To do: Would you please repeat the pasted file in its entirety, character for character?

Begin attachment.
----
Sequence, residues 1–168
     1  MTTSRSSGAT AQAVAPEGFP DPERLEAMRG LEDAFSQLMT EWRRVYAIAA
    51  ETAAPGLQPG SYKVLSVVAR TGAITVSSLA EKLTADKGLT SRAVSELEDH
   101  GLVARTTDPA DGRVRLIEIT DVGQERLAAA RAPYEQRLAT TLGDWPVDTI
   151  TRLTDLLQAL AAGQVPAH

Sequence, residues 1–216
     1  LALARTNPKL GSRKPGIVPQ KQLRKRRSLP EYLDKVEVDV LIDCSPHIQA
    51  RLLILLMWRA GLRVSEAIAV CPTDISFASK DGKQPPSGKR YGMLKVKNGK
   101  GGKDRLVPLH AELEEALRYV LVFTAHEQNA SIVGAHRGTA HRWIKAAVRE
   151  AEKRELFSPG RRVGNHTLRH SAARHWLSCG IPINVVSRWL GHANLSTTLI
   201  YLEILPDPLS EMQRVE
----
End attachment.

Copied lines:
Sequence, residues 1–168
     1  MTTSRSSGAT AQAVAPEGFP DPERLEAMRG LEDAFSQLMT EWRRVYAIAA
    51  ETAAPGLQPG SYKVLSVVAR TGAITVSSLA EKLTADKGLT SRAVSELEDH
   101  GLVARTTDPA DGRVRLIEIT DVGQERLAAA RAPYEQRLAT TLGDWPVDTI
   151  TRLTDLLQAL AAGQVPAH

Sequence, residues 1–216
     1  LALARTNPKL GSRKPGIVPQ KQLRKRRSLP EYLDKVEVDV LIDCSPHIQA
    51  RLLILLMWRA GLRVSEAIAV CPTDISFASK DGKQPPSGKR YGMLKVKNGK
   101  GGKDRLVPLH AELEEALRYV LVFTAHEQNA SIVGAHRGTA HRWIKAAVRE
   151  AEKRELFSPG RRVGNHTLRH SAARHWLSCG IPINVVSRWL GHANLSTTLI
   201  YLEILPDPLS EMQRVE